19 Feb 2018
Golden national championships for NSW
In very humid conditions, the Carrara Stadium on the Gold Coast was, for the first occasion, in track and field mode as it hosted the Australian Athletics Championships and nomination trial for the Commonwealth Games. Many NSW athletes secured automatic selection, while others await a phone call from the selectors to return in April for the Games. Here is a rundown of many of the NSW performances.
NSW sprint champion, Larissa Pasternatsky (SYU) knew the scenario, she need to clocked a 200m qualifier to enhance her selection prospects. Firstly, she bypassed the 100m and in the 200m heat, with two days recovery before the final, she went for it in the heat, but was foiled by a -1.2m/s coming close with 23.47. In the semi, with a tailwind she went even faster, 23.46. In the final she clocked another PB of 23.27 (-1.7m/s) to place third. Quarter-miler, Jess Thornton (ILL), stepping down the distance and placed fifth in 23.48.
The fastest 400m athlete in Australia this summer, Anneliese Rubie (SYU), confirmed that ranking with a hard-fought win in the final in 51.92, over 17-year-old Bendere Oboya (CBT) whose time of 51.94 ranked her as the third best junior in Australian history.
"To be honest, I can't remember much of it,” said Rubie. “All I remember is with 100 metres to go I was fourth, but I felt amazing, so I thought 'I've got this, keep it cool'. Then with 10 metres to go I knew I had to dip, so I just ran all the way through the line, almost face planted, but managed to salvage that."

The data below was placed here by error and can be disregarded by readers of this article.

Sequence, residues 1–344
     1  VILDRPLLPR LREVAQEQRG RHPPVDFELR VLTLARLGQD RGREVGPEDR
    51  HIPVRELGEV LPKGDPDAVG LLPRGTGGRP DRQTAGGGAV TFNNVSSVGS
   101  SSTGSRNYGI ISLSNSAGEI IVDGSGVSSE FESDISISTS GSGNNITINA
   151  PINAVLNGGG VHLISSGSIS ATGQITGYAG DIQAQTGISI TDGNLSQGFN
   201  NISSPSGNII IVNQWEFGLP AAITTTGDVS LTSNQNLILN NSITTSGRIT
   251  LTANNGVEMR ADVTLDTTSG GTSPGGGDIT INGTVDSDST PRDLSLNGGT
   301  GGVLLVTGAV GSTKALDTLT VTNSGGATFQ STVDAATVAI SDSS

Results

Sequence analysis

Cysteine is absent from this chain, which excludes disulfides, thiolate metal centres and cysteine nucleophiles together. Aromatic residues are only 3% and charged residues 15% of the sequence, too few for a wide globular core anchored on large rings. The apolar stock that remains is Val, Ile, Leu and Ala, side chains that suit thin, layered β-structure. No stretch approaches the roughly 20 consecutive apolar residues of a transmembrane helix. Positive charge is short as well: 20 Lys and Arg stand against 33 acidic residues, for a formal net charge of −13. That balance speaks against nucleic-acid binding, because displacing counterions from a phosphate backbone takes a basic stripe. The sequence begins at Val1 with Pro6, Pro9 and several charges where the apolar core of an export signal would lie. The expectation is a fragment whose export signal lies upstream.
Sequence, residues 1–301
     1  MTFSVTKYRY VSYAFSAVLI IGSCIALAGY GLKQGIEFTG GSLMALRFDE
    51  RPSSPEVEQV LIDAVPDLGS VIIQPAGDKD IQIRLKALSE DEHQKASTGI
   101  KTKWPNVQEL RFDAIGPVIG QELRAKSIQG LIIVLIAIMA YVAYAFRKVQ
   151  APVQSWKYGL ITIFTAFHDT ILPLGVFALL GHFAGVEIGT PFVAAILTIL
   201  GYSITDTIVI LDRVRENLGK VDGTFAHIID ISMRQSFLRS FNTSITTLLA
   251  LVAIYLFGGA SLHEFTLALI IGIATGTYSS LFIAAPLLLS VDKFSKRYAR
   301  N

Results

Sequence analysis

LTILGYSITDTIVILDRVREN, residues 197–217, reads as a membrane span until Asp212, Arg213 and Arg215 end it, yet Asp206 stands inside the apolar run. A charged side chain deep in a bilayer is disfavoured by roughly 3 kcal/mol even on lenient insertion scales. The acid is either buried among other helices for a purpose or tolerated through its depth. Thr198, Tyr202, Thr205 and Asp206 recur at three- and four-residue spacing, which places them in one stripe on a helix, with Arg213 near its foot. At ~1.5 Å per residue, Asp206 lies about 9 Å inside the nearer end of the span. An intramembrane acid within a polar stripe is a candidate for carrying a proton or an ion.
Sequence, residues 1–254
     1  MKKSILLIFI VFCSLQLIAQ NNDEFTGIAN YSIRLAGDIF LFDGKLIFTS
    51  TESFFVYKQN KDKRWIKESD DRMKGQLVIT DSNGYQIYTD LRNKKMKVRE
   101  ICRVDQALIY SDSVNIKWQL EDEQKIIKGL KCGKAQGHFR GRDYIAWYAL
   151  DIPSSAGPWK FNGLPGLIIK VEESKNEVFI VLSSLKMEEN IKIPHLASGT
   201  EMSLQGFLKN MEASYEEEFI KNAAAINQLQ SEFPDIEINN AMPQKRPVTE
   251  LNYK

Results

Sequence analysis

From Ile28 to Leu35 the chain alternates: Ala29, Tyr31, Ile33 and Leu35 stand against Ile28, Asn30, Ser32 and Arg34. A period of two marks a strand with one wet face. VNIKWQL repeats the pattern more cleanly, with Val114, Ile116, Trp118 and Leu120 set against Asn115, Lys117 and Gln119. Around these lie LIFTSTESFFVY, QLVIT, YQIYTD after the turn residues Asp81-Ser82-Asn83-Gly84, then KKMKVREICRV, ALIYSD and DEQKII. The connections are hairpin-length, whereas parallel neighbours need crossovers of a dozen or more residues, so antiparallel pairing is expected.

Oboya’s result was one of the performances of the meet.
"Usually I run hard in the first 200m, and I knew I had to stay close to all the girls,” she said.
Was it a surprise?
"I definitely thought I could do it. It just matters how I feel, and it worked out all fine today."
One of the revelations of the season continued in the 800m, with Lauren Reid in her debut season over the distance, now aged 32, she was fourth across the line in a sensational PB of 2:03.83. Another remarkable story has been the comeback of Chloe Tighe (KEJ) this summer. In the 1500m, in just her fifth 1500m/mile race this summer, she achieved her third PB to run 4:11.12.
In a terribly close race, Olympic semi-finalist Jenny Blundell (SYU) missed a medal by 0.85 seconds, defending champion Heidi See (HIL) was sixth (4:14.06), on debut at the nationals Lauren Reid was ninth (4:14.75) and Regan Abigail (tenth, 4:15.00).
She hadn’t even nominated for the event for the Commonwealth Games team, and why would she was running her first track 5000m for six years. But the untapped-talented, Celia Sullohern (MQH), quickly resolved that administrative requirement after she won the trial and achieved automatic selection in the 5000m to go along with her 10,000m.
"I am just trying to get my legs back on the track and getting used to that sort of tactical running," said Sullohern who this season has been reintroducing herself to track racing.”
Second place in the race was Madeline Hills (KEJ), who made a great return from injury to secure automatic selection.
“So really happy as it was first race back in a very long time after injury," said a relieved Hills. “I knew I just needed to finish top two (to qualify for Gold Coast 2018 Commonwealth Games), so obviously I wanted to win the race. But to be honest, I'm just as happy knowing that I can walk away and have the next few days knowing that I'm in and hopefully I'll get the 10 (qualify for 10,000m) as well.”
In third was Eloise Wellings (SUT), who will need to await a decision by the selectors as she seeks selection in her fourth Commonwealth games team.
Rising to the occasion in the 100m hurdles, Michelle Jenneke (SYU) nailed second place and an automatic selection with a season’s best time of 13.14.
One of the most amazing improvements on the weekend was that of Sarah Carli (WOL) in the 400m hurdles. Seven years since she won silver at the IAAF World Youth Championships in 2011, she has smashed her personal best and moved from 29th to 14th Australian All Time. She also nailed a B qualifier and now waits the selectors nod for possible addition to the team.